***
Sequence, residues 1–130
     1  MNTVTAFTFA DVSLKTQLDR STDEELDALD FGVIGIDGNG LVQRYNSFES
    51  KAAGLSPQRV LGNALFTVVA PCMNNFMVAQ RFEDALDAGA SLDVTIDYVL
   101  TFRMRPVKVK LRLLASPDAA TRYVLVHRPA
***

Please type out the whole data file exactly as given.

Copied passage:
Sequence, residues 1–130
     1  MNTVTAFTFA DVSLKTQLDR STDEELDALD FGVIGIDGNG LVQRYNSFES
    51  KAAGLSPQRV LGNALFTVVA PCMNNFMVAQ RFEDALDAGA SLDVTIDYVL
   101  TFRMRPVKVK LRLLASPDAA TRYVLVHRPA